On View May 8 - June 13, 2015
Friday, May 8, 2015
6:30 – 8:30 PM, Artist talks at 6 PM
The Lawndale Artist Studio Program is part of Lawndale’s ongoing commitment to support the creation of contemporary art by Gulf Coast area artists. With an emphasis on emerging practices, the program provides three artists with studio space on the third floor of Lawndale Art Center at 4912 Main Street in the heart of Houston’s Museum District. This exhibition features residents for the ninth round of the Lawndale Artist Studio Program, Josh Bernstein, JooYoung Choi and Lina Dib.
Josh Bernstein is currently trying to rise above his head with kites, a spaceship made out of mirrors, and prints of new constellations. The body of work attempts a connection between the universe and personal experience that emulates older, more idiosyncratic conceptions of outer space.
JooYoung Choi invites you to explore her fun and colorful imaginary world called The Cosmic Womb. Through a variety of new paintings and drawings she presents to you the story of C.S. Watson a young adoptee from Earth. Using playful puppets, animation, and video art, Cosmic Womb ambassador JooYoung Choi introduces you to the flora and fauna of this fantastic planet.
Lina Dib presents new works on paper, wood and air. Still preoccupied by the archive and an ecology of sound, Dib's works point to the fact that history (occasionally read as motion) has a medium. Her printed soundscapes remind viewers that sound has a shape, a topography, and her interactive pool of sound allows viewers to navigate an invisible watery landscape. Finally, a kinetic, slow spinning sculpture pushes the sound of the sea around the gallery. Reminiscent of a lighthouse, this sound-structure or beacon delineates a sea rather than land.
The Lawndale Artist Studio Program is generously supported by the John P. McGovern Foundation.
This autobiographical installation is about the efforts we make to construct our histories through photographs—the images that come down to us and the images we leave behind. The works in the exhibition reflect photography’s powerful narrative potential as well as its limitations and the fundamental paradox of any photograph—that it can tell us so much and nothing at the same time. The installation addresses the themes of inheritance, lineage and family lore by re-staging the artist’s search for and discovery of a biological father she only knew through a single faded photograph she lost as a teenager. This lost photograph is represented in the installation in many forms. Coincidentally, the artist met her biological father in the same year she became a parent, and the works in this exhibition reflect her anxiety about photography's inability to really convey for her children who they are or where they come from.
“When the house and clocks stopped all together.” Satis House is a paradigm of stagnation. It is architecture that suffers and decrepit as time migrates forward. It becomes the artifact of loss – of structures weathered down to its bare bones. Satis House explores decay as an aftermath of loss. Cuenca alters and combines cyanotype print illustrations and photographic sources to create formal collages, paper constructs and painting assemblages in the lens of a geometric abstract painter. The manipulation process of collaging and folding allows shapes and symbols to lose their real-world connotations and opens the possibility of existing in the realm of fiction. The use of paper is both weighted and light. It can hold its shape, at the same time bend to the force of the creator. It complicates the ideas of the identity the forms take on and their existence in both two-dimensional and three-dimensional space.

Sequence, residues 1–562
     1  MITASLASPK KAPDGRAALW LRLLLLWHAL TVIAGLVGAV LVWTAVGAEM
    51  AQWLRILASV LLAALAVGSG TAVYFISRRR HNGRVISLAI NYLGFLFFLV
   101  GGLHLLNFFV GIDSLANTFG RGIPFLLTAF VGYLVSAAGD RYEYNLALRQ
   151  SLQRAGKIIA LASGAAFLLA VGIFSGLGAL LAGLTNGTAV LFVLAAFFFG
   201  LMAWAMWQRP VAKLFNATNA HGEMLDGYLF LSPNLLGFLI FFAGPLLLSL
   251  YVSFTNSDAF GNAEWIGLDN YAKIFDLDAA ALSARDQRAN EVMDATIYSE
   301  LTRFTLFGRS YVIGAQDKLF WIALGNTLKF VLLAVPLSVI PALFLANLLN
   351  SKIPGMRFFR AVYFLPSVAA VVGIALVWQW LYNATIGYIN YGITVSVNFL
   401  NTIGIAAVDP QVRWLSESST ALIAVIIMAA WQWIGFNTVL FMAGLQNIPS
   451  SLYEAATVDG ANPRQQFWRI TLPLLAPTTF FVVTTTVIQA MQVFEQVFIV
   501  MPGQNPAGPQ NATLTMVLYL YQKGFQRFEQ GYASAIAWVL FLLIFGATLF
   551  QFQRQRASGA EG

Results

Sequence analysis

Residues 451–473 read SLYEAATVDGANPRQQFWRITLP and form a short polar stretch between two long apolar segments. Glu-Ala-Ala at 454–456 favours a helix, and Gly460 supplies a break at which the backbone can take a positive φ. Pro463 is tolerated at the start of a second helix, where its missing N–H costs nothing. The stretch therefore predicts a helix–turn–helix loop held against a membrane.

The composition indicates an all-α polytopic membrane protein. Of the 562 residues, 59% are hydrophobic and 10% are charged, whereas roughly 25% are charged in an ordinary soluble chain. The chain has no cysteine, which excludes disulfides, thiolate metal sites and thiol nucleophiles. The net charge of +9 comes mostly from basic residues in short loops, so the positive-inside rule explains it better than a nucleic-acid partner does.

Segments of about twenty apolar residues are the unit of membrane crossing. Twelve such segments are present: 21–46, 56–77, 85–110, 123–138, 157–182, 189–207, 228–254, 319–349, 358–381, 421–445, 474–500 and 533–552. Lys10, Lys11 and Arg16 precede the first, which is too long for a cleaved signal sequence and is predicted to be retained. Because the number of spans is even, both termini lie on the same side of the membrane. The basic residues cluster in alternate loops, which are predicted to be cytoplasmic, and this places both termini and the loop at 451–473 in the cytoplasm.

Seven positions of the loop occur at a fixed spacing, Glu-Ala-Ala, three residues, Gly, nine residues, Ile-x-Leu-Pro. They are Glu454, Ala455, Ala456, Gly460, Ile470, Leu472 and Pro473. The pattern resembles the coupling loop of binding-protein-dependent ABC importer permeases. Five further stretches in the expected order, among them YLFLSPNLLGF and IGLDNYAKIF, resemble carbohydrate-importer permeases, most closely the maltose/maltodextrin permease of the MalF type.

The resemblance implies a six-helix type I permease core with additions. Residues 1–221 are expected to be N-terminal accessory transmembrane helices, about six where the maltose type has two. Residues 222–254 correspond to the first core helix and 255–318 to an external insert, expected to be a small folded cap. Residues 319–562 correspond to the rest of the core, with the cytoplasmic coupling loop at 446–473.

Total Body is the result of collecting and sorting through found video and audio clips over a period of several years. The footage, culled from a sea of TV clips, music videos and vlogs, takes on new significance in an isolated viewing space in which there is a psychological relationship between recordings of several unidentifiable individuals. The audio, a spoken version of a text by the Roman philosopher and poet Lucretius, serves as a lens through which to view the videos. Questions arise regarding the evaluation of meaning, human impulses and philosophical assumptions.
Jonathan Leach’s work focuses on the visual language of commercial architecture, city traffic and safety/cautionary imagery. Leach’s mural activates the surrounding architecture and visually impacts the space.Ghost Grid features a hardline geometric style with an emphasis on bright color and spatial illusion, using the three windows as a base grid structure that warps and changes, highlighted by reflective paint accents that activate the mural at night.
Jonathan Leach is a recipient of an Individual Artist Grant Award. This grant is funded by
the City of Houston through Houston Arts Alliance.
The Lawndale Mural Project is generously sponsored by David R. Graham / Felvis Foundation and Kinzelman Art Consulting.